Williams: “As I said earlier, we have had an extraordinary time in this sport. We have loved every minute of it. We’ve obviously had some amazing highs. We’ve equally had an awful lot of lows. I feel a bit that our family has given a huge amount to this sport. I think Frank… what he has achieved I will forever be in awe of and I know that there are probably many fans around the world as well. I hope that those fans continue to support our team like they’ve done over the four decades that we’ve been in Formula 1. We thank them enormously but we equally thank everybody that we’ve met along the way that have been so supportive of us. We thank everybody in the paddock that we’ve had such a wonderful time getting to know and working alongside.

“There are so many people I could thank but the list would be endless and we’d be here all afternoon and we’ve got practice to get to but I most of all wish our team well. This is obviously incredibly emotional. It’s a very sad weekend for us but as I said, it feels the right time so leave but we will always wish our team well. We wish the new owners well and we will always follow this sport, this sport that has given us so much, a sport that we have been in for the pure love of it and for no other reason and we wish everybody in this sport great success in the future and we will all be watching.”

Here’s what some her colleagues said about Williams:

Toto Wolff on the departure of Williams from F1:

Wolff: “The family have been the founders of this team and I will always hold the team high up. It was the start of my own journey in Formula 1. I remember the first sentence that Frank Williams told me when I went there in 2009 and that was “somebody told me that you can help repay my mortgage”. This is how he is and he is super straightforward and I ended up with a shareholding in the team. I met Claire and without it meaning it in any way patronising, I thought it was very important that Claire was on the board and I’m impressed on how she grew there and what she has achieved, together with her father. I will never forget our last win in 2012 with Pastor, which was an incredible moment, also because your mum was there, and probably one of my best moments in Formula 1.”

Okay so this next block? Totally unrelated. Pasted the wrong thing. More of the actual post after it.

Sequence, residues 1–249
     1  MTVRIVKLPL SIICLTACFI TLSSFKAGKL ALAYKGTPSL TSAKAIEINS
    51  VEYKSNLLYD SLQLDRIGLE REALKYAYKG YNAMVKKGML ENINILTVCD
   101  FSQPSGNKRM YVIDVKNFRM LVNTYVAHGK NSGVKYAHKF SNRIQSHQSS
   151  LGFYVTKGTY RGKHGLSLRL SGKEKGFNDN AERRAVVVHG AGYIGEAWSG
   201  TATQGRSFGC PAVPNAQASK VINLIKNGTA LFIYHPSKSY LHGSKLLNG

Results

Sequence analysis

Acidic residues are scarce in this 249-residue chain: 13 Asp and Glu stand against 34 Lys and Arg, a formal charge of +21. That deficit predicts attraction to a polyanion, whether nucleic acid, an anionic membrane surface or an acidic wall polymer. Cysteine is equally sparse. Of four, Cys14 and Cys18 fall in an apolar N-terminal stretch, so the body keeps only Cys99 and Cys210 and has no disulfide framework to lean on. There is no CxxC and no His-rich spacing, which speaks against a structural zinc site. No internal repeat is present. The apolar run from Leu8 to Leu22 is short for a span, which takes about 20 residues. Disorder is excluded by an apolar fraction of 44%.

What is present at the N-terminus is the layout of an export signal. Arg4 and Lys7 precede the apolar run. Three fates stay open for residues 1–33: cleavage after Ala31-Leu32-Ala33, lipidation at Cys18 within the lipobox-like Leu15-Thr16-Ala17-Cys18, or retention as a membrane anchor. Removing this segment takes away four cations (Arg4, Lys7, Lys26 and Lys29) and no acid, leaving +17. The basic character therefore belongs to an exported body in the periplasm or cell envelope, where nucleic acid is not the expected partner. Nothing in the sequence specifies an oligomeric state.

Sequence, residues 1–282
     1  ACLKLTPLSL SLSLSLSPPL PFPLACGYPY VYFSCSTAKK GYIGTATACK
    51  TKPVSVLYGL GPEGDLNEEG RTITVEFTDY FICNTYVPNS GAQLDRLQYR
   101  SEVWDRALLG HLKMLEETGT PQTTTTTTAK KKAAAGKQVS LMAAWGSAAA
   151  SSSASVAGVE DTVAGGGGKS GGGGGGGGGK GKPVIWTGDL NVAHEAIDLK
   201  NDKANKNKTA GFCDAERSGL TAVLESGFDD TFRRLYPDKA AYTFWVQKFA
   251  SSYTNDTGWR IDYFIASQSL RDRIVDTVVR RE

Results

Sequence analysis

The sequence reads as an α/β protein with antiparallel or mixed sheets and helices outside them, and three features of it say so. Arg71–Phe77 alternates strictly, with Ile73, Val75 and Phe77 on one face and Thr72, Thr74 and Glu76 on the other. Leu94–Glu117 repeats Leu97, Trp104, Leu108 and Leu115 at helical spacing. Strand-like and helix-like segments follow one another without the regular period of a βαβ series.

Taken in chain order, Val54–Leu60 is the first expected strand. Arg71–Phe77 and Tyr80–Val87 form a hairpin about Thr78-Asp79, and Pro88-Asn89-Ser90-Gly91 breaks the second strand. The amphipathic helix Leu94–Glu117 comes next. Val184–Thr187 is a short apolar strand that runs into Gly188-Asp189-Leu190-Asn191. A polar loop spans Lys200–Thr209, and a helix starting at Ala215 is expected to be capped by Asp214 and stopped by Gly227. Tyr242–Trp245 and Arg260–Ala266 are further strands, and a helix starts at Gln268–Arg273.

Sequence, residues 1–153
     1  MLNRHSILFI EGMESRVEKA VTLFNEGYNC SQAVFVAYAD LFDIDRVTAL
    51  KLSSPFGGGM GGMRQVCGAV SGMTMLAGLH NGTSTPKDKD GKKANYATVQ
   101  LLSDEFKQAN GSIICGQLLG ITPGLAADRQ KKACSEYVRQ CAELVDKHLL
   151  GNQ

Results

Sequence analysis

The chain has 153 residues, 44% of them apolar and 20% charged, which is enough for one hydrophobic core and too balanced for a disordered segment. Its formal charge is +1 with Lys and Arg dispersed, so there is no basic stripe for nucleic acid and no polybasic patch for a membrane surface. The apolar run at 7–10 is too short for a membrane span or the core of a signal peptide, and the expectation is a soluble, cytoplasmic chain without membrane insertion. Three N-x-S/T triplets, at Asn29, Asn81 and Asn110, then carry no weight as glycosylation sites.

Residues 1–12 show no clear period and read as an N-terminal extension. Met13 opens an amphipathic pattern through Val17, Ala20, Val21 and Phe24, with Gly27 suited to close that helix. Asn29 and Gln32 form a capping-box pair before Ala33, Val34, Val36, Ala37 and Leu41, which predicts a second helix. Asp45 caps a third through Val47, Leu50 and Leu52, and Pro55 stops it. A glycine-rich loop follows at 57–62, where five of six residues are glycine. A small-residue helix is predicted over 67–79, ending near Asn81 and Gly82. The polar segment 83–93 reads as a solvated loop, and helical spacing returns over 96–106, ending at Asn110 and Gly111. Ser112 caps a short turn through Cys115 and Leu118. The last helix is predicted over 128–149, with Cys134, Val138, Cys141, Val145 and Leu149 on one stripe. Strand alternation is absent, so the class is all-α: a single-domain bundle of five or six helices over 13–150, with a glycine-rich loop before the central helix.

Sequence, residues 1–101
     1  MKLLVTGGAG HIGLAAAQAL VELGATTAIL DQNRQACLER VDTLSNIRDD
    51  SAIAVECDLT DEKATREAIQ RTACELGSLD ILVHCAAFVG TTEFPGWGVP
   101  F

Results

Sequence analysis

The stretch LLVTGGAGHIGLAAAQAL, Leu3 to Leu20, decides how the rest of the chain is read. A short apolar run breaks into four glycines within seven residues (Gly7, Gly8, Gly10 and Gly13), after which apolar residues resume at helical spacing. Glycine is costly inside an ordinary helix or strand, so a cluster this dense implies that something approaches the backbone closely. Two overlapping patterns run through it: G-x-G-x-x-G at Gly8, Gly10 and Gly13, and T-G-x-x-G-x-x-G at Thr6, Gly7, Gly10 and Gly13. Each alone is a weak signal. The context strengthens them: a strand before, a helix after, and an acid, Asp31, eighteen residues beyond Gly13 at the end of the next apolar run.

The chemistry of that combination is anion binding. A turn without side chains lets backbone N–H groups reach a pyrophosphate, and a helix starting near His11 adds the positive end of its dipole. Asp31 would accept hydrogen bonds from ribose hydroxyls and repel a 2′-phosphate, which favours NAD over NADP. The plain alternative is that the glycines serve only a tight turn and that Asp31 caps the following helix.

Cyril Abiteboul on the racing pedigree of Williams and their departure:

Abiteboul: “Obviously it’s an emotional moment, because as you say, the legacy that the team is carrying today under the Renault name has had its greatest moment, also as an engine supplier, particularly as an engine supplier of Williams. They were instrumental to building Renault’s reputation in the world – in the world of Formula 1 but also in the automotive world as a large OEM – so it’s been great sporting moments but also great business moments. We have for instance the Clio Williams, that is still a very fancy car the people love. It has clearly been a milestone of the sport but also on the road.